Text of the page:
I recognize that there are close to six million children, a full one-third girls, now enrolled in school compared to only 700,000 exclusively male children in 2001. I am aware of the wonderful opportunities, through the Canadian micro-finance plan, that allows women to run their own small businesses to support their families.

However, there is no more compelling evidence for me that the failing Afghan state is on the road to recovery than the sight of those six women sitting in the gallery. They are putting their lives on the line for their country and they deserve no less than our full support.

Our world will be a better place with a free and democratic Afghanistan.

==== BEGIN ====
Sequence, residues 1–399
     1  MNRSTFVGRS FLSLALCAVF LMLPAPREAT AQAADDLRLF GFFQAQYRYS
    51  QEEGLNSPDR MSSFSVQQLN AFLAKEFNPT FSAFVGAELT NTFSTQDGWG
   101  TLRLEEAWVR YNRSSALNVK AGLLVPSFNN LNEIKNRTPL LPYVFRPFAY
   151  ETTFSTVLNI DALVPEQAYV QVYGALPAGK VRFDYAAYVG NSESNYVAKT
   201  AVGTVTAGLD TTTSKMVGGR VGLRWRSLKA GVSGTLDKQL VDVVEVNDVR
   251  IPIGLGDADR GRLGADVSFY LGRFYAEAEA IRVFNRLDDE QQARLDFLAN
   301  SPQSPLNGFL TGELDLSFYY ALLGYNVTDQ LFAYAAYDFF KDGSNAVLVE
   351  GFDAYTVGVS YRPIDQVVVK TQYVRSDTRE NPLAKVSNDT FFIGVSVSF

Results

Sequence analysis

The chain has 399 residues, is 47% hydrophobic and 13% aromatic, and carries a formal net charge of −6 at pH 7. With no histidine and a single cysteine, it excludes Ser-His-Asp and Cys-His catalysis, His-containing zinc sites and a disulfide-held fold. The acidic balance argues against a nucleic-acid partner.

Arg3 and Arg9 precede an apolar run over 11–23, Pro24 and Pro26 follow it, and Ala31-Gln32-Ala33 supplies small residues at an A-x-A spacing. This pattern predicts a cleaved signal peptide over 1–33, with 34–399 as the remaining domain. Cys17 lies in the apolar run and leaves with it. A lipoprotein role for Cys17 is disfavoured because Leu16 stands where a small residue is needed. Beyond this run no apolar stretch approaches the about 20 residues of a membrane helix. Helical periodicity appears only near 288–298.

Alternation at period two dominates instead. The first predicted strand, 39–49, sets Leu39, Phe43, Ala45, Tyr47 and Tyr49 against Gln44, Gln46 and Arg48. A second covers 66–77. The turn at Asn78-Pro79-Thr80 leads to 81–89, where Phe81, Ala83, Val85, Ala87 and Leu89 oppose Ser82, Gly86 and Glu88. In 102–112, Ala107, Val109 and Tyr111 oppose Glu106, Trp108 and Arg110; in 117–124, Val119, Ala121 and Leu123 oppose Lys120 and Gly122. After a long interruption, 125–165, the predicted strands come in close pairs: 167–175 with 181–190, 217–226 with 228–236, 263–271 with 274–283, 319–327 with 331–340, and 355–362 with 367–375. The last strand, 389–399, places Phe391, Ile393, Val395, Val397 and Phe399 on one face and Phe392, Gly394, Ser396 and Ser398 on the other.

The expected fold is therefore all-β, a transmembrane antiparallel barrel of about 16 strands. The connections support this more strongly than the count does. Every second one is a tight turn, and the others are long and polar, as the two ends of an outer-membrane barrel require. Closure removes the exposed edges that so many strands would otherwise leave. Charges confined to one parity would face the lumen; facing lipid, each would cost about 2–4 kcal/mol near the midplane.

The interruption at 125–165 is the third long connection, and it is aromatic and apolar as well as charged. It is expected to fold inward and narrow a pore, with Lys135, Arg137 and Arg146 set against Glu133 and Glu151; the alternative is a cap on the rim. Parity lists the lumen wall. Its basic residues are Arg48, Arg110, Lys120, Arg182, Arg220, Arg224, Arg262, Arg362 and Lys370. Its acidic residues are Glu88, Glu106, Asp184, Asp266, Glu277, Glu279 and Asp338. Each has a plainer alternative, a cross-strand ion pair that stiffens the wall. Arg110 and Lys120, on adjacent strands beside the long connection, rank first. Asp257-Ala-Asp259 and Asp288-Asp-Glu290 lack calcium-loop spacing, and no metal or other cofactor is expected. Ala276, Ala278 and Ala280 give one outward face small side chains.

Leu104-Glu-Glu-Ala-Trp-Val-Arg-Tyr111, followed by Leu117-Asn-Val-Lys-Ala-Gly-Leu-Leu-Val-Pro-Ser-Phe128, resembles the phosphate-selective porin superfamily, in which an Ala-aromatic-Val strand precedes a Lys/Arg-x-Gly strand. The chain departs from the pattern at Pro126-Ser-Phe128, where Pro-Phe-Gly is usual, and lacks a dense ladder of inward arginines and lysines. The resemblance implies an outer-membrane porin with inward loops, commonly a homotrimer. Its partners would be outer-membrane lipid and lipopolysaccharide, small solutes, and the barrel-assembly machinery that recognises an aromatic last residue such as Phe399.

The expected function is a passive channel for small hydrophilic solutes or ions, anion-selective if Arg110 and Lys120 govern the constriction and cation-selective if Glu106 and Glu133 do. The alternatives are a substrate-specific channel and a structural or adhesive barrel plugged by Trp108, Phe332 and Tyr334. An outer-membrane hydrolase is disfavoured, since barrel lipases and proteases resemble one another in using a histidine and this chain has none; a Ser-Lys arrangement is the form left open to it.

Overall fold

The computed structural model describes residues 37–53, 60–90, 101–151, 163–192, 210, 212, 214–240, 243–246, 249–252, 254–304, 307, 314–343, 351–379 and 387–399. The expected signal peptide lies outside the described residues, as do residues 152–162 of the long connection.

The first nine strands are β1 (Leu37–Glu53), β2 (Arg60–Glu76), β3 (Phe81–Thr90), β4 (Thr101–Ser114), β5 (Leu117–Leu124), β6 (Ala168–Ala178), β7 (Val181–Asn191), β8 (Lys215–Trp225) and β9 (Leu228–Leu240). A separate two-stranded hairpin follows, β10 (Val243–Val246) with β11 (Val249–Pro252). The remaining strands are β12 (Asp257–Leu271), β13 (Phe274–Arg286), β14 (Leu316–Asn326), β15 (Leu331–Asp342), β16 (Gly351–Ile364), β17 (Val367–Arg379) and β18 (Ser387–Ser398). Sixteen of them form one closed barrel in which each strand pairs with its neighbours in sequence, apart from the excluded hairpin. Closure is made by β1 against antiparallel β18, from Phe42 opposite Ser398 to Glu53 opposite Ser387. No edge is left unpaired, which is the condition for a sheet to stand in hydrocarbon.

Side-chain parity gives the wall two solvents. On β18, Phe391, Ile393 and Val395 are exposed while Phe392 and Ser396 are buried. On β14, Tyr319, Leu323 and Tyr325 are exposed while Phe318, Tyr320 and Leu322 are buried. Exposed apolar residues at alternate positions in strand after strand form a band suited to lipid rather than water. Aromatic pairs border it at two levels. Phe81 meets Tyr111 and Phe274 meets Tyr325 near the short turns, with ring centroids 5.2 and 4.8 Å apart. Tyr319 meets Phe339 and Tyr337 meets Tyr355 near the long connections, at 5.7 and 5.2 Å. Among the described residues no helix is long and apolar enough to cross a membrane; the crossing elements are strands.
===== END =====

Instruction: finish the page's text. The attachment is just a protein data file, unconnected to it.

Topic:   Government Orders
Subtopic:   Afghanistan
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March 13, 2008

Mrs. Betty Hinton

Mr. Speaker, we are in this Parliament and we have different groups representing all Canadians. We have a group whose sole purpose in the House of Commons is to separate from Canada. We have another group that is most definitely socialist in nature. However, as a group, we manage very nicely to get along.

For the member to suggest that a new fledgling government will be perfect, when he sits in a House that is far from perfect, makes no sense at all to me.

Topic:   Government Orders
Subtopic:   Afghanistan